Better Phone Networks Will Improve Travel

Source: BACKPACKER Trade News

Swiping a smartphone to pay for a train ticket and enjoying uninterrupted internet access will improve the way people commute on public transport, says the Tourism & Transport Forum (TTF).

The lobby group has identified several ways of making commuting more productive and delivering a service more suited to commuters’ needs.

They include eliminating mobile network black spots on public transport and rolling out wi-fi hotspots on outer-suburban and intercity public transport services.

An electronic ticketing account via a smartphone app would allow commuters to plan their trip online and pay for their travel through a “tap and go” system, the TTF says in a paper launched on Tuesday.

“Many smartphones are now being manufactured with embedded near-field communication chips,” the report says.

“As this feature becomes increasingly standardised, phones will be used for cashless transactions including public transport fares with apps installed to manage customers’ accounts.”

To make journeys more efficient, the paper suggests developing more public transport-related smartphone apps and providing information via Google Transit to give real-time information about delays and cancellations.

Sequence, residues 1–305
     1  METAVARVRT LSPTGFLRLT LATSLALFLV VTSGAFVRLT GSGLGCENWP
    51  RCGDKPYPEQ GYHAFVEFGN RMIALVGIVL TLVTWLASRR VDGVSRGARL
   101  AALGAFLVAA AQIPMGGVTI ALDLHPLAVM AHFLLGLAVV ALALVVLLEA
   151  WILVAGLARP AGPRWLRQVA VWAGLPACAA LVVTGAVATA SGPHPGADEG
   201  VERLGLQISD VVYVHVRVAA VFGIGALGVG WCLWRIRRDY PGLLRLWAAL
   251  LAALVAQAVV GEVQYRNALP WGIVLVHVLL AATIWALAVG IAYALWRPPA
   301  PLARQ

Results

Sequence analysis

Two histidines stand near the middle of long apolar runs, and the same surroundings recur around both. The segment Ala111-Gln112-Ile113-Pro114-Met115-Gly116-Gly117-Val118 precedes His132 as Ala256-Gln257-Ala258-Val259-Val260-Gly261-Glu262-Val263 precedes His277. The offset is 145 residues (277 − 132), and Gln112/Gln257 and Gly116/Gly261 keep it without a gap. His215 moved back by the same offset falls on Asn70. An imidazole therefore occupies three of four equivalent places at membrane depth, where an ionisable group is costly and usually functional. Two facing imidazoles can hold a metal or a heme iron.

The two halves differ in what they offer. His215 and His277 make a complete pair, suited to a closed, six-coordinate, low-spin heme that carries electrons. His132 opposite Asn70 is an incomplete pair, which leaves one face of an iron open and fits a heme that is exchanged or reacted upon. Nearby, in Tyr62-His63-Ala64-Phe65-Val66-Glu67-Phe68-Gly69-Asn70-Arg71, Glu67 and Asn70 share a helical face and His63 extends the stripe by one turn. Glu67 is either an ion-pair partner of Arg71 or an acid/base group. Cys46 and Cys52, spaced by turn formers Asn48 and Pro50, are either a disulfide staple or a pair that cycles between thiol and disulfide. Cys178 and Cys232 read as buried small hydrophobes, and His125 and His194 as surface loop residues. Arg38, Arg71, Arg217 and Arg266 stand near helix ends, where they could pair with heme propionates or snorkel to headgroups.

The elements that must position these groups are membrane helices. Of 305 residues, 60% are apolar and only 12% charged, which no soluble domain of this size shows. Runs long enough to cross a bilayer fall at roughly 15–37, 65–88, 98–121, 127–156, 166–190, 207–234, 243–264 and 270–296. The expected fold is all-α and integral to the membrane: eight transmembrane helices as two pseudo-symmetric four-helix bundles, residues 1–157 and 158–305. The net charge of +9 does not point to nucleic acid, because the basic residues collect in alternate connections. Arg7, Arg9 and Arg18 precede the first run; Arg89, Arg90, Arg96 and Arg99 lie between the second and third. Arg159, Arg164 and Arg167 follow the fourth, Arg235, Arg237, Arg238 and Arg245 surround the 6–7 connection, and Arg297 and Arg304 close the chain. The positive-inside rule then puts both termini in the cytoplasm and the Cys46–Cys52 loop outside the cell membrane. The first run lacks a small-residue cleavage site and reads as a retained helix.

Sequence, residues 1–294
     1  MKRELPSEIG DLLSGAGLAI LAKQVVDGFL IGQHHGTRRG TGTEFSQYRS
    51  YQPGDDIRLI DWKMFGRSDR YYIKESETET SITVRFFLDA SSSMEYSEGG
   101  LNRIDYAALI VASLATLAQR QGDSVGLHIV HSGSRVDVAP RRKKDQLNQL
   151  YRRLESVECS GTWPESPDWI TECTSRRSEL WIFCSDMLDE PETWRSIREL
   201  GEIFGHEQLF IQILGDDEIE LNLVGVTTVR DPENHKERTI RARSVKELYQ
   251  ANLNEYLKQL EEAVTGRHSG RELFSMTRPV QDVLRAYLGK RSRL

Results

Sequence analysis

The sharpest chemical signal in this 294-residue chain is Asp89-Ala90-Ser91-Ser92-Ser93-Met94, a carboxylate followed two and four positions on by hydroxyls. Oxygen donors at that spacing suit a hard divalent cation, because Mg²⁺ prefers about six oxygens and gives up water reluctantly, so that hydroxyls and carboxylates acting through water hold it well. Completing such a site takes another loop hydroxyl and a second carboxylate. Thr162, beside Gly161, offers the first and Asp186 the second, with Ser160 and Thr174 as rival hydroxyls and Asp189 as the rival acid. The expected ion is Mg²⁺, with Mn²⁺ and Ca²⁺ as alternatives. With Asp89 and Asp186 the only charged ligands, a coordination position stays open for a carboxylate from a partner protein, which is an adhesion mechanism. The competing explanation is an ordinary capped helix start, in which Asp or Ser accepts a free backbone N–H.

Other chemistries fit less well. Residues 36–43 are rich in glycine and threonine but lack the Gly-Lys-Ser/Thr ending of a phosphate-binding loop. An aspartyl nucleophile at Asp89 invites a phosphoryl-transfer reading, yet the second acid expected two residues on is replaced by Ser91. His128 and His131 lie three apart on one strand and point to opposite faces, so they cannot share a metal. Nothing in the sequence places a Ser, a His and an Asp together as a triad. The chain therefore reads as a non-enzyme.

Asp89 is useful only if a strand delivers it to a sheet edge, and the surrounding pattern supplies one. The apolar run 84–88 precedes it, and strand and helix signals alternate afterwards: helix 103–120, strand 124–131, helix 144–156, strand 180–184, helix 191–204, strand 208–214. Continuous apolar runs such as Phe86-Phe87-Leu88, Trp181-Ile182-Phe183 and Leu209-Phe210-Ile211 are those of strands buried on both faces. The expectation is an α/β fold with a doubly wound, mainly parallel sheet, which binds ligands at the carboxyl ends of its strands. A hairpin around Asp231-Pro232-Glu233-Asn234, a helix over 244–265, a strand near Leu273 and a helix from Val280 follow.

Business and government should work together to place on-street displays of real-time transport information in areas of high passenger demand, it says.

TTF chief executive John Lee said Australia has the world’s second highest usage of smartphones per capita and there was a need for better networks.

“The hundreds of thousands of commuters who pass through the city circle in Sydney or Melbourne’s city loop each day would benefit from a co-operative effort between state governments and mobile phone providers to ensure uninterrupted coverage across the network,” he said.

“We welcome the news that is now on the agenda in Sydney.”

Lee said real-time information is also crucial to improving the passenger experience.

“The report calls for transport authorities to facilitate the development of innovative apps that respond to consumer needs by giving third parties free or at-cost access to timetable and real-time data,” he said.

The report said getting private software companies to develop public transport apps would ensure taxpayer money is saved.

The private sector is also more likely to produce innovative and user-friendly apps faster than the public sector.

Lee said social media, especially Twitter, offered another immediate channel to communicate directly with customers about delays, but these platforms also required continuous mobile coverage on public transport networks to be effective.